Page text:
We’re about a week and a half removed from the MLB Draft and we have reached that exciting point where nearly all the draft picks that are going to sign have inked their contract but none of them have actually taken the field in a game yet. That gives us the perfect window of time to dream on what some of these young guys could wind up turning into.

It would be easy enough for me to rattle off the top five picks of the draft, but instead I’m gonna roll with five dudes that get me a little extra amped up going into their professional careers.

Cade Horton | RHP, 1st Round

Come on, you didn’t think I was gonna leave off the Cubs’ first selection, did you? In a draft class filled with high-risk, high-reward prospects, Horton epitomizes the front office’s draft strategy. The righty absolutely shoved for the Sooners from the moment he learned his new slider and entered the team’s postseason run, likely earning millions of dollars in the process.

I respect the hell outta the Cubs for zigging when everyone else zagged in this draft and I think Horton might now be the pitcher in the system with the clearest path to being a number one starter in the majors. Plenty of things have to go right for that to end up coming to fruition, but I can’t wait to see his fire — and slider — in action.

Nazier Mulé | RHP, 4th Round

The Cubs haven’t had a guy like Mulé in their organization as long as I have been following the minor league system. We saw as the team target two-way college stars Matt Mervis and Hunter Bigge in recent years but then immediately transform them into a single-dimensional players (and it worked out, especially for Mervis).

But with Mulé, there is a legitimate shot for him to stick both as a pitcher and a hitter for the time being. Ultimately, I think his permanent home is on the mound given the fact that he has the frame and 100 fastball to stand out there, but considering the fact that he’s a high school kid that puts up promising exit velo numbers, there’s a shot we even see him get some DH at-bats in full-season ball.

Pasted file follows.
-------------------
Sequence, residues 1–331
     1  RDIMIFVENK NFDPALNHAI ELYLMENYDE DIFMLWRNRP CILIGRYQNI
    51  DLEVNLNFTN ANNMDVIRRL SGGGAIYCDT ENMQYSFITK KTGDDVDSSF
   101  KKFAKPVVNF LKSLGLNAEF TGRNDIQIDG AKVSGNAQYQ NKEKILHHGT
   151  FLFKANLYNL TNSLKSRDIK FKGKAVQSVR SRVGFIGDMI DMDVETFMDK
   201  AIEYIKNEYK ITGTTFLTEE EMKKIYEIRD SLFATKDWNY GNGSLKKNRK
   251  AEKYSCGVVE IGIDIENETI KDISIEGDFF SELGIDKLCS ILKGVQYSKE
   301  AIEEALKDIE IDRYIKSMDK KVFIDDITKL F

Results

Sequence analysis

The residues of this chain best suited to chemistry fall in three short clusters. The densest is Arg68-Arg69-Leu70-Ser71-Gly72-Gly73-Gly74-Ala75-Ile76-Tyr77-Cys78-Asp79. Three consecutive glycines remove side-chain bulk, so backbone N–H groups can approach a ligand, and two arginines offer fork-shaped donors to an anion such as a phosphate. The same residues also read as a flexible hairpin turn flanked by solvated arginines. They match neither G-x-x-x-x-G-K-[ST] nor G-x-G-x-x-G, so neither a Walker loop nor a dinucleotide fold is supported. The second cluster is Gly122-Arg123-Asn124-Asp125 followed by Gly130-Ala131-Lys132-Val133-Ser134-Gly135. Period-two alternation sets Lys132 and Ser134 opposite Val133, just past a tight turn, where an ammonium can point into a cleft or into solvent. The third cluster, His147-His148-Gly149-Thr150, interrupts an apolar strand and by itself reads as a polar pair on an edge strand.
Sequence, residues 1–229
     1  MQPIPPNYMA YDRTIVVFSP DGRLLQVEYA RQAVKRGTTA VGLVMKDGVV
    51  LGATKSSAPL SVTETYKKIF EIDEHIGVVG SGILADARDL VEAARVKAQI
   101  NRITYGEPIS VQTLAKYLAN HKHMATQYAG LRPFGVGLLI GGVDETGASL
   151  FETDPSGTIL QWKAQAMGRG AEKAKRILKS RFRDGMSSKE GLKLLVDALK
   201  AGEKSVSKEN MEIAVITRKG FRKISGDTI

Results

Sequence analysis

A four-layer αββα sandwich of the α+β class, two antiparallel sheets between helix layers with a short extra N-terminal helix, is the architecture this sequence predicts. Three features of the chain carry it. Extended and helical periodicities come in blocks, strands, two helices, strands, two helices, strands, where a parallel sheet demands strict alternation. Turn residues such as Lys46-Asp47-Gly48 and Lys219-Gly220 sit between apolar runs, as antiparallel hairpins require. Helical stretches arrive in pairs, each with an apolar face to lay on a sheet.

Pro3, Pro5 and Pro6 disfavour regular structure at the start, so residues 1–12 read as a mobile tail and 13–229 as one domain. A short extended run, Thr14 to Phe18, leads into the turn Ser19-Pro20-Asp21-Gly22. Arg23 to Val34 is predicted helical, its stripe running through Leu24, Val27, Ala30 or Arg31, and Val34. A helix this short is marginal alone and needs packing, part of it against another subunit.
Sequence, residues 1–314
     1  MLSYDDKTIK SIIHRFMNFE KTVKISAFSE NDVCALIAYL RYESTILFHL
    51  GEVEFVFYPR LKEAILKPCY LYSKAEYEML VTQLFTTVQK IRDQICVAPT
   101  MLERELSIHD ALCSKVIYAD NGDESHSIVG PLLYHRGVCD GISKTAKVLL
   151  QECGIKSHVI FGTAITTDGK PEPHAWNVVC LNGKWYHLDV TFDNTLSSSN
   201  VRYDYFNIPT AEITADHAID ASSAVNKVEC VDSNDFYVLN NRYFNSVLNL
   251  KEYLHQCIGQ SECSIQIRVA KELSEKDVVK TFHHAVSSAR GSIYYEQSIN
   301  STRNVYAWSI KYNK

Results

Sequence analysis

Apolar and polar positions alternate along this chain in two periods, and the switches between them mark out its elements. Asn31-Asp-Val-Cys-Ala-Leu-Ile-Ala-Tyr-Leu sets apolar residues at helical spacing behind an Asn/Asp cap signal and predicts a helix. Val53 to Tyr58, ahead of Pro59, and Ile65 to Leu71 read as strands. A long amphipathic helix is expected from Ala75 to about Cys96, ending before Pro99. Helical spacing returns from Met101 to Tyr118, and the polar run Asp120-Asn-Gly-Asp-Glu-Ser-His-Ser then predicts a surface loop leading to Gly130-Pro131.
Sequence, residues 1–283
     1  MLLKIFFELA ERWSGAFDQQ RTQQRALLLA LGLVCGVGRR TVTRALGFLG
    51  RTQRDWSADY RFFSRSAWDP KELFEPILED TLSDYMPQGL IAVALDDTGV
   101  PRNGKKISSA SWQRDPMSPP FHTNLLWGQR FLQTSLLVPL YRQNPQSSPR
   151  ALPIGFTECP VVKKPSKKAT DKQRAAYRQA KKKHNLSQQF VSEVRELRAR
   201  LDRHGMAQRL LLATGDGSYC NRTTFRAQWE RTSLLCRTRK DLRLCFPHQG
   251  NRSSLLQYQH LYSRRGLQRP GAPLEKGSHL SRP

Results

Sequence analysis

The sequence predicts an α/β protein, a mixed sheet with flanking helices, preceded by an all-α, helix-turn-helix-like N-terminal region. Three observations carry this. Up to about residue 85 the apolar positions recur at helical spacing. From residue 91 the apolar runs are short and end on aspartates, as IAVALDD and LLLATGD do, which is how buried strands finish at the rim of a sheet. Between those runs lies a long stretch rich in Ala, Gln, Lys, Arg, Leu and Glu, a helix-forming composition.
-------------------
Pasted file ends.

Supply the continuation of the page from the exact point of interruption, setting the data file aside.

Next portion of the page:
Brandon Birdsell | RHP, 5th Round

I’ve said it before and I’ll say it again: if you were to tell me before the draft that the Cubs could get the pitcher of the year from one of the best conferences in the country in the fifth round, I would have taken that in a heartbeat. Birdsell, the Big 12 pitcher of the year while at Texas Tech this season, is another one of the high-risk, high-reward type guys given his stuff and performance but also considering his injury history.

He threw 85 innings in college this spring so I don’t expect a ton of usage out of him this year as a pro, but I think your looking at a guy in Birdsell that could be a fast riser through the system, beginning in High-A and Double-A next year.

Mat Peters | RHP, 12th Round

His story, compressed down into one paragraph:

Peters didn’t make his high school team as a junior. Cracked the roster as a senior but hardly played as he stood just 5-foot-7 at Bishop Dwenger High School in Fort Wayne. Proceeded to grow to be 6-foot-4 and 215 pounds and play baseball at Ivy Tech Community College in his hometown where he was being clocked touching 101 on the gun (just two years removed from his high school days). The school has never had a draft pick before and won’t ever have another one as their trustees voted to disband the baseball team moving forward.

That story is more than enough to get me excited for Mat Peters. He’s gonna be a fan favorite, I can already tell.

Haydn McGeary| Catcher, 15th Round

In a draft where the Cubs selected 16 pitchers, I love any hitter we can get. I love D2 guys. I love big mf’ers. I love dudes who absolutely rake.

McGeary is the two-time D2 player of the year and put up truly insane numbers. In basically the equivalent to a full Major League season (163 games), the big-bodied catcher logged 75 career dong shots and 243 RBI to go along with a 1.452 OPS. Is he a catcher long-term? Eh, probably not. Is it gonna be fun to watch him stroll to the plate on a daily basis? Absolutely.